in Defence

BAE Systems' sensors to detect military bridge fatigue

Posted 25 July 2017 · Add Comment

Engineers based at BAE Systems' site in Telford, Shropshire, are testing an integrated Bluetooth and sensing technology which reports the remaining service-life of military bridging systems.



The new ‘fatigue monitoring’ technology continuously detects the stress and strain on bridges designed to be used by tanks such as the more than 60 tonne Challenger 2.  The sensors then wirelessly transmit data to a handheld device, allowing soldiers to easily assess the health of the bridge.

Without the use of an automated fatigue monitoring system, the remaining service life of rapidly deployable military bridges is based on manual records and is difficult to judge, resulting in bridges being retired early or overused. The new technology uses a series of sensors fitted to the bridge components which undergo the most strain and records around a hundred strain readings per second to monitor. A computer-analysis then gives a component-by-component overview of bridge health. BAE Systems’ use of fatigue monitoring technology gives military engineers the peace of mind that their bridges remain healthy, even on extended military campaigns where bridges can remain in place for many months.

The system is being tested by BAE Systems’ 50-strong specialist military bridging team based in Telford, UK, who operate Europe’s most advanced Bridge Test Facility. The Facility simulates thousands of bridge crossings by a variety of wheeled and tracked vehicles, allowing BAE Systems to assess bridge performance using comprehensive data records on how the various components perform.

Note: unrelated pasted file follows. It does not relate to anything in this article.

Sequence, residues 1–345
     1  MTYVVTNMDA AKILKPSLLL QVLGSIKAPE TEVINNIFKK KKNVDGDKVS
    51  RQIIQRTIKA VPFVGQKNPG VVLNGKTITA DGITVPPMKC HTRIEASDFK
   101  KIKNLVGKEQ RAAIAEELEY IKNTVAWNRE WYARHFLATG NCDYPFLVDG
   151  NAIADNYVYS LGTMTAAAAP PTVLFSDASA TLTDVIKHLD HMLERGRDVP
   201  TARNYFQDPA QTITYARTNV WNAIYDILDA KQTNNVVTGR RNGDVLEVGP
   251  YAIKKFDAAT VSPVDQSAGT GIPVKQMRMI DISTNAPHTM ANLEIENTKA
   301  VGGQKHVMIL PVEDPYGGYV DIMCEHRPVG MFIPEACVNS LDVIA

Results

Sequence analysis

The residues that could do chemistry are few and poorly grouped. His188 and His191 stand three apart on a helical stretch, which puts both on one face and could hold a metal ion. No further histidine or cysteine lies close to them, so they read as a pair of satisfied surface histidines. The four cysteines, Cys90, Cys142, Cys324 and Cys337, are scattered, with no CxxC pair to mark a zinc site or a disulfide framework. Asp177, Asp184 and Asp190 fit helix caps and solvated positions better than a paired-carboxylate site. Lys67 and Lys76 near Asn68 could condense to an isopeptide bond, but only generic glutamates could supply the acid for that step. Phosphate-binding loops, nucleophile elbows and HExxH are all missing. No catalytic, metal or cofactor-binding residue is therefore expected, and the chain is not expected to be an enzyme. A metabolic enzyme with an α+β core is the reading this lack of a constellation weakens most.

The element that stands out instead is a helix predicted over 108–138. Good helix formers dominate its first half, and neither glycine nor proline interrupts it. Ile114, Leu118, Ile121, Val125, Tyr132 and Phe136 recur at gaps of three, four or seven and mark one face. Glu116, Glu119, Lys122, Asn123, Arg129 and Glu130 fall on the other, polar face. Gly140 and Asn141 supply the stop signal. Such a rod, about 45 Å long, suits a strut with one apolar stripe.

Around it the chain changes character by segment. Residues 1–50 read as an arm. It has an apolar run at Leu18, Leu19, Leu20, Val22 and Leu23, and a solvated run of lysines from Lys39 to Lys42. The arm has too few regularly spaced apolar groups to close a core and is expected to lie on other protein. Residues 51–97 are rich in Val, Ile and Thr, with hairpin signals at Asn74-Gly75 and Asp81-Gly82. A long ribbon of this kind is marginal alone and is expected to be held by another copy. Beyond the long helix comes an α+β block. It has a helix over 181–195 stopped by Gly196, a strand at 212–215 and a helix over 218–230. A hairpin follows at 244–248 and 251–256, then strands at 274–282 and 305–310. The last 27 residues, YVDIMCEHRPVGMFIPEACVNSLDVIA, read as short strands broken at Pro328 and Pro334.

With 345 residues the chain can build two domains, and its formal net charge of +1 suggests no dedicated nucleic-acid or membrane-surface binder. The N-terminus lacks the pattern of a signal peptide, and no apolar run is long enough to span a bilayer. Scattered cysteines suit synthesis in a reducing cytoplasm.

John Lees, Bridging Business Manager for BAE Systems Land (UK) said: “The biggest obstacle to monitoring bridge health is achieving a continuous flow of accurate data telling you what the bridge is experiencing. Simply monitoring the number of crossings – as most military users do now – doesn’t give an accurate picture.  Our new solution monitors and analyses all of these variables to give a real-time, accurate assessment of bridge condition. It will make it easier to use our bridges in civilian situations such as disaster relief, where keeping accurate data on crossings is very difficult. It will also reduce whole-life ownership cost by ensuring bridges are serviced only when required and that they can confidently be used for their entire service life.”



Above:
Deployment of a General Support Bridge.
Copyright © 2017 BAE Systems. All rights reserved


BAE Systems designed and manufactured the British Army’s rapidly deployable military bridging system - BR90 in the 1990s. BR90 comprises 74 bridging systems and can be used in a variety of configurations, adding up to a total of 8.5km of bridge trackway, and provides the most rapidly deployed and flexible gap crossing capability in the world. Another variant of the bridge can be used to span gaps greater than 60m.

BAE Systems’ specialist team is now developing and testing a next generation Modular Bridging System to be even more agile and reliable.

 



 

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